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9 Things Lithuanians Have to Explain to Foreigners

by Milda Ratkelyte Oct 28, 2015

1. Trejos devynerios.

The infused liquor Trejos devynerios (“Three Nines”) goes back a long way. It has an infusion of 26 herbs (the 27th flavour comes from the hornbeam kegs that are used to store it). “Three Nines” is used not just as a liqueur but as a universal medicine for colds and joint pains and healing wounds. A shot a day keeps a doctor away.

2. Our last names.

Where do I even begin. The last names for males and females as well as married and unmarried women have different endings in Lithuania. For example hubby Jonaitis has a wife whose last name is Jonaitiene and his daughter’s last name is Jonaityte. When his daughter Jonaityte marries a guy with the last name Kazlauskas, she becomes Kazlauskiene. I promise you that after the herb-infused shots it all becomes clear.

3. Lithuania is not part of Russia.

We get it; we are a tiny country to compare to our gigantic European neighbours, but this does not mean that we are glued to our ex, Russia, in any way, shape or form. It’s time to move on.

4. We do have summers and we do see daylight.

Once we finally clarify not being part of Russia and explain that Lithuania is in northern Europe, that puts us in another pickle — people start assuming we live at the Northern Pole. “How do you cope with the cold? Do you get any daylight?” Yes, dear, we do get daylight, which ranges depending on the seasons, and the summers are, in fact, relatively hot.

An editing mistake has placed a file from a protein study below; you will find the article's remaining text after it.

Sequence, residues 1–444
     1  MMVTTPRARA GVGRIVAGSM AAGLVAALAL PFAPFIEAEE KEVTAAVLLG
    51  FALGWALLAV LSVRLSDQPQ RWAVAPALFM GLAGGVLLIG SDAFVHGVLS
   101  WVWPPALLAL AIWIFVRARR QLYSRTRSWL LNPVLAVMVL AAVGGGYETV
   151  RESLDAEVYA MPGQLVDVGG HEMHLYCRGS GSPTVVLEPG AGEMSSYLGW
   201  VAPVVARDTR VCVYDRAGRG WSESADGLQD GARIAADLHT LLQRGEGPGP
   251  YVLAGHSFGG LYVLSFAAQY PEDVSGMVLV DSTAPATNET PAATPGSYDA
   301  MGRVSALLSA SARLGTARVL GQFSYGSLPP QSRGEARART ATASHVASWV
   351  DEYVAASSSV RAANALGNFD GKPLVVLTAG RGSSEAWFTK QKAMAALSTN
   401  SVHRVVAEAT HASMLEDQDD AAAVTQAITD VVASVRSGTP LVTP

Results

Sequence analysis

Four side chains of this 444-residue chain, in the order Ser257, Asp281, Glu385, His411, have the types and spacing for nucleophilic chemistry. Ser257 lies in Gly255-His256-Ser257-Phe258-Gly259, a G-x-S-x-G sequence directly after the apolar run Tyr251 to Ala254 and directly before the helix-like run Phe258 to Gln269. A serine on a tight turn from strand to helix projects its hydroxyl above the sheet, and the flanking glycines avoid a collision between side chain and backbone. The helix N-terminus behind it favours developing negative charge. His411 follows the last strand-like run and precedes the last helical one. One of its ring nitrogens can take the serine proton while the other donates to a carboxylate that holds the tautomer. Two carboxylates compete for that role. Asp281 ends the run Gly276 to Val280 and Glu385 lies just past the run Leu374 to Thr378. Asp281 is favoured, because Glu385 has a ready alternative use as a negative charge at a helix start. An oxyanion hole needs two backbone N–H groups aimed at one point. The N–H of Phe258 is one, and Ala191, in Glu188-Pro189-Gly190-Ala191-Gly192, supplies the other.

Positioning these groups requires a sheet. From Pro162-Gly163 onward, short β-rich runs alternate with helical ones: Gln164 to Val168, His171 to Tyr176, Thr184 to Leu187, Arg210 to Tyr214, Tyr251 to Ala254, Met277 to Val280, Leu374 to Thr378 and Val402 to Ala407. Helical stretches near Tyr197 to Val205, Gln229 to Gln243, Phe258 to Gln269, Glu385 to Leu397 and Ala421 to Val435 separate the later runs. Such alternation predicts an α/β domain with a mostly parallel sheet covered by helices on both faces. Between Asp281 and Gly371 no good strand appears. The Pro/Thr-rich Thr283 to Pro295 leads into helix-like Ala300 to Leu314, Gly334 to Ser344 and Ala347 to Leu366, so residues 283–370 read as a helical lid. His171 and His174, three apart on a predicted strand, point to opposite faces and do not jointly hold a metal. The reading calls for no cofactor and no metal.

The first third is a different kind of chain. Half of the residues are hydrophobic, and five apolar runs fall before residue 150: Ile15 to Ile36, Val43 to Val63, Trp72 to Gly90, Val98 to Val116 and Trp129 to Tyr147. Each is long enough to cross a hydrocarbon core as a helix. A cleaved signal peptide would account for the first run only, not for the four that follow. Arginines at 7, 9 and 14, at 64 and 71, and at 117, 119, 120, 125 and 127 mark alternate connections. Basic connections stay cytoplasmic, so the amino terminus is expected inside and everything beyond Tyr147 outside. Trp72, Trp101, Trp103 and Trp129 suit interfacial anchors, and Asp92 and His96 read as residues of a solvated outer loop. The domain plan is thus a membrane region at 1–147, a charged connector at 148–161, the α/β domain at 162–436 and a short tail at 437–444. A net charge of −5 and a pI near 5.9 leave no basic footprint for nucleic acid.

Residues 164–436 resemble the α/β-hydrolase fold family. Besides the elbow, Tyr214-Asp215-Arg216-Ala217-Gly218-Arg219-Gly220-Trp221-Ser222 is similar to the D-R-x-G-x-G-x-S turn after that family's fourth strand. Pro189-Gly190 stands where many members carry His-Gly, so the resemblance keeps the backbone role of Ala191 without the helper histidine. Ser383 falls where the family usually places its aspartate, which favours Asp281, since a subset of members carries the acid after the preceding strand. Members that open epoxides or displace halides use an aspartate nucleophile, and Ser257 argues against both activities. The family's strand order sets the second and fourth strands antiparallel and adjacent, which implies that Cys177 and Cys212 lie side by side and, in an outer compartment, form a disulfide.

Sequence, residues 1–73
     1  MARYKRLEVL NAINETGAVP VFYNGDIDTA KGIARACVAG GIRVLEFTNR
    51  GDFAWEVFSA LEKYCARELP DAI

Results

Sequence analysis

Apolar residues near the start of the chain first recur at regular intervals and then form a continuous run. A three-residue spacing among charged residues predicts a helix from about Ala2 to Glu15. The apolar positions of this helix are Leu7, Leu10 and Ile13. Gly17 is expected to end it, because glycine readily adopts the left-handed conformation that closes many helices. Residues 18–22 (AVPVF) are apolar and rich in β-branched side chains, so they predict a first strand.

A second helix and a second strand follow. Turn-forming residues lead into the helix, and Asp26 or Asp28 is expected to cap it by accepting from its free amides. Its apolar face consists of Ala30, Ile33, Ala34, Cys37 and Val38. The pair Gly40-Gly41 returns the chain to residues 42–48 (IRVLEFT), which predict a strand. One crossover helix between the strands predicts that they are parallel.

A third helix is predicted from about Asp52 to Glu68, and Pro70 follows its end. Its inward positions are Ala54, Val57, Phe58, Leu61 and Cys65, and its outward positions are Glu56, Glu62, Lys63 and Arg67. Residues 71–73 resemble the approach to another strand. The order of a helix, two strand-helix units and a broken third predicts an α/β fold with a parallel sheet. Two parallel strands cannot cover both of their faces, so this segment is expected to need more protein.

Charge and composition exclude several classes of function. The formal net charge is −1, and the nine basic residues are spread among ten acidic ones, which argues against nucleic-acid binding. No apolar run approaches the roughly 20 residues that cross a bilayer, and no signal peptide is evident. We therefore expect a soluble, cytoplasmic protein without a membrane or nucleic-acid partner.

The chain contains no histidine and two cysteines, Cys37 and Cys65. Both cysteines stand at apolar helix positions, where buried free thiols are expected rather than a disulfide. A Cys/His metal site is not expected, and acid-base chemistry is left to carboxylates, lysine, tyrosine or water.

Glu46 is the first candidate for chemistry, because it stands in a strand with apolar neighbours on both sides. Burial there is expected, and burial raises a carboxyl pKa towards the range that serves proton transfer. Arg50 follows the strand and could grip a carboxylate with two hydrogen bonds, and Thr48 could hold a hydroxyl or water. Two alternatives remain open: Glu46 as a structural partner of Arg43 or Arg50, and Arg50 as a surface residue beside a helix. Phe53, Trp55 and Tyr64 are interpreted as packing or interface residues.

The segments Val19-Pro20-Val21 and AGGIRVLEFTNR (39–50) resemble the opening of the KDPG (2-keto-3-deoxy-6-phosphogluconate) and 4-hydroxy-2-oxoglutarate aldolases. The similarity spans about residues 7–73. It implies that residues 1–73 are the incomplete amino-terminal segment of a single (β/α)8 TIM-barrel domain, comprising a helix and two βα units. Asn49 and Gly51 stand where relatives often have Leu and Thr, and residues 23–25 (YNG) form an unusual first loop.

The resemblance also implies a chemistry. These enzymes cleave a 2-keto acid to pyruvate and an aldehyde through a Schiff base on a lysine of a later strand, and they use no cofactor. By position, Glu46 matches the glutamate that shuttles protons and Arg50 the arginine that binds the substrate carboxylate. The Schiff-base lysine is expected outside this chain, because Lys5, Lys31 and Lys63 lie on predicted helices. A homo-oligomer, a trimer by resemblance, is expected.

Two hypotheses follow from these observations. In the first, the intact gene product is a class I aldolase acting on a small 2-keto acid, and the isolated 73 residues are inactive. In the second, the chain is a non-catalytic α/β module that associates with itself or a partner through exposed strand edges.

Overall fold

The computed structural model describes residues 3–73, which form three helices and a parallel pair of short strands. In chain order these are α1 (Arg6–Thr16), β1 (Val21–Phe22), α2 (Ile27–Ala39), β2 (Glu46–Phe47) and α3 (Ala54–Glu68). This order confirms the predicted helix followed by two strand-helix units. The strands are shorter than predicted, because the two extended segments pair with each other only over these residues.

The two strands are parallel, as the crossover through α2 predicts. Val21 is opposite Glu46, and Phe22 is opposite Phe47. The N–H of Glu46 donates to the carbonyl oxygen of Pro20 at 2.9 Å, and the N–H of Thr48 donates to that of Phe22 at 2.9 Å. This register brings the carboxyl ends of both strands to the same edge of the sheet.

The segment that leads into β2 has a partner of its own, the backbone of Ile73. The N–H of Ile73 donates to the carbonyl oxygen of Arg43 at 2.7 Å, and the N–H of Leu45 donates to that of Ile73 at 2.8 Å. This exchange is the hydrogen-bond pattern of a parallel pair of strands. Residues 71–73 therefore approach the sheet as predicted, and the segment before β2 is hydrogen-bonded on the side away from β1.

5. We’re not only good at basketball.

We are extremely proud of our basketball achievements. Who wouldn’t? But we are also great at other sports. Virgilijus Alekna, for example, is a 2-time Olympic, 2-time World and 1-time European gold medalist in discus throw while Rūta Meilutytė is a Lithuanian competitive swimmer, Olympic gold medalist, and world record-holder.

6. Our language origins.

Although a tiny country, we have a unique language. It is believed to be the oldest living Indo-European language. We have numerous inflections and our letters often look unfamiliar to a foreigner: ą, ę, į, ų, ė, č, š, ž, ū. Still, at least in one respect the Lithuanian language is simpler than English or French: our words are almost always pronounced as they are written.

7. The 12 dish Christmas Eve dinner.

The Kūčios (Christmas Eve) meal normally has 12 dishes — one for each of Jesus’s followers. None of the dishes contain meat. Traditional dishes include fish (often herring), kūčiukai (small sweet pastries in poppy milk — might need to explain that one as well), kisielius (a drink made from cranberries), dried fruit soup. The best part is that you have to taste them all! New year’s resolutions to eat less and stay fit always fail at this point.

8. Cold Pink soup.

Upon seeing Šaltibarščiai, a bright pink soup, the first thing many ask is “Is that a natural color?” Let me reassure you, it is not bubble gum. The color comes from mixing buttermilk and beets — an acquired taste. Other ingredients in this cold soup are cucumbers, dill, green onions and hard-boiled eggs — it is basically a liquid salad!

9. Our deal with potatoes.

We love potatoes. When asked whether we don’t get fed up with eating so many of them, we’ll come back to you with a list of yummy dishes to be made using spuds. We dare you to go through all of it and not fall in love with potatoes.

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